For many of us, this is a large holiday weekend, and really a month! Regardless of if you’re observing Easter, Ramadan, Passover, or any holiday or observation this month, this blog serves as a good reminder. Instead of repeating holiday-centered content, I wanted to share some discussion on how you can avoid peer pressure during the holidays and into the summer.

In my professional and personal life, I’m surrounded by people with various goals. Perhaps it’s health-related, like abstaining from alcohol or monitoring nighttime mindless snacking. Perhaps it’s physical, like following a strength goal, or increasing total mileage. It could even be emotional, like seeking therapy or connecting with family members again. Everyone has their own goals and we should honor and respect what they are. However, during this time of year, it’s easy to be faced with temptation and peer pressure. Many of our friends may ask us, poke fun at us, and truly not understand why we’re choosing those goals. Typically, it’s coming from a place of love, they want you to feel involved and make sure you’re enjoying yourself. But this mindset can also create guilt.

Here are some strategies for you to stay in control of your journey, and to be a better example and role model for respecting others with their goals:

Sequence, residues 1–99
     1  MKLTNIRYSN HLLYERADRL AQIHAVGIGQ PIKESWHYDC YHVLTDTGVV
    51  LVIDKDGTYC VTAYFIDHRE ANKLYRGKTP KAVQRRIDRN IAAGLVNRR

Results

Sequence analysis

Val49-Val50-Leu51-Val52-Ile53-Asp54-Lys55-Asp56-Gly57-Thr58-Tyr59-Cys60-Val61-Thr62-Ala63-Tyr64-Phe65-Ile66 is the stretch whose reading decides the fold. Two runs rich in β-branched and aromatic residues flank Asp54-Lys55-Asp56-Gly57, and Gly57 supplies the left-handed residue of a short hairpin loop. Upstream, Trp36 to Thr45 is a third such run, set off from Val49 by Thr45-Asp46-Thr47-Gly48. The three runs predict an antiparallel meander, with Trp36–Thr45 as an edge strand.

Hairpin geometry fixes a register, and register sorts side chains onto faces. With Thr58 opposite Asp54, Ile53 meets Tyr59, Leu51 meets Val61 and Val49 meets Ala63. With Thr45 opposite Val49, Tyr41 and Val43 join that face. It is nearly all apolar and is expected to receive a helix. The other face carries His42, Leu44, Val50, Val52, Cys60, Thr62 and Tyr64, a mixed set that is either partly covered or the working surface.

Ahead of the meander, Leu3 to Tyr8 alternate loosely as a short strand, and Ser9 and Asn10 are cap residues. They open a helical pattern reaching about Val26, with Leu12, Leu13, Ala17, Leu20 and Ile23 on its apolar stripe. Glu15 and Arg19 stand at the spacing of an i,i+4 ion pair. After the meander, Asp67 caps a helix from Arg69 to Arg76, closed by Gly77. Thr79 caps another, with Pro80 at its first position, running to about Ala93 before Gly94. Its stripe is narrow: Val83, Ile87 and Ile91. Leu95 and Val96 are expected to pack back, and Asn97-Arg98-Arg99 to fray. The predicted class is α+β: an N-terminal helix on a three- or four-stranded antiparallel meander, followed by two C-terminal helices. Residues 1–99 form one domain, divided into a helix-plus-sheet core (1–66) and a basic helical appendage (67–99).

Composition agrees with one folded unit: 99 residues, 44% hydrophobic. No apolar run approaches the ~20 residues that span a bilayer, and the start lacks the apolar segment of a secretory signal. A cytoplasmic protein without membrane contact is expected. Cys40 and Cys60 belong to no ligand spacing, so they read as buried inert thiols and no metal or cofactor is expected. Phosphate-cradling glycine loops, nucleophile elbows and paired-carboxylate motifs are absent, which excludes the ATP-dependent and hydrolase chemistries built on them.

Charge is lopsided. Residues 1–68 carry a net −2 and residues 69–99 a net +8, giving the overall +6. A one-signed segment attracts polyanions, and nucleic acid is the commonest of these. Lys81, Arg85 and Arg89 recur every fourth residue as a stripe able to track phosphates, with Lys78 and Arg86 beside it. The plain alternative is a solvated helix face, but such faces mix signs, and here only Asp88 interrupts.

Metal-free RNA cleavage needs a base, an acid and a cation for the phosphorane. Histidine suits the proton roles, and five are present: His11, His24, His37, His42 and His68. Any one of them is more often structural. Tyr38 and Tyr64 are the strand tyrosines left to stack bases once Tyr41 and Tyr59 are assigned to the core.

1. Reflect
    • Take time in the morning, evening, afternoon or whenever it is fitting for your schedule to ask yourself what you’re seeking. Envision what that person would feel like. How would that person feel? What would they accomplish?
  2. Mindfulness
    • Listen to your body before anyone else. Are you hungry, or are you being social? If you are hungry, decide what foods will fuel you most
    • Savor. Put your utensil down between bites. Take sips of water. Talk with your company.
  3. Swaps
    • If you’re going to drinks with friends/family, perhaps opt for a mocktail if you’re not drinking alcohol
    • If you’re going for pizza with friends/family, opt for something with veggies added
    • If you’re getting coffee with friends/family, get a pastry full of fiber, like a nut-seed bar
  4. Portion
    • You’re celebrating and that’s great! Food often means celebration. Perhaps gammy made her five-star mac and cheese. Have some! But balance it with veggies and try just a taste to start. You may not even want more after!
  5. Share
    • Much like mental health, we have to shatter the norms of talking about our goals and well being. If you’re stuck in a situation and hear, “hey, have a drink, it’s not going to kill you!” you can simply respond with, “No, thank you. I’m choosing to take a break from alcohol to reevaluate my relationship with alcohol. I’m having a great time with you all drinking by club soda!” Make people think. You never know who may be going through a similar situation.

If you ever need help deciding how to make goals, consider reaching out to find out what coaching can offer you.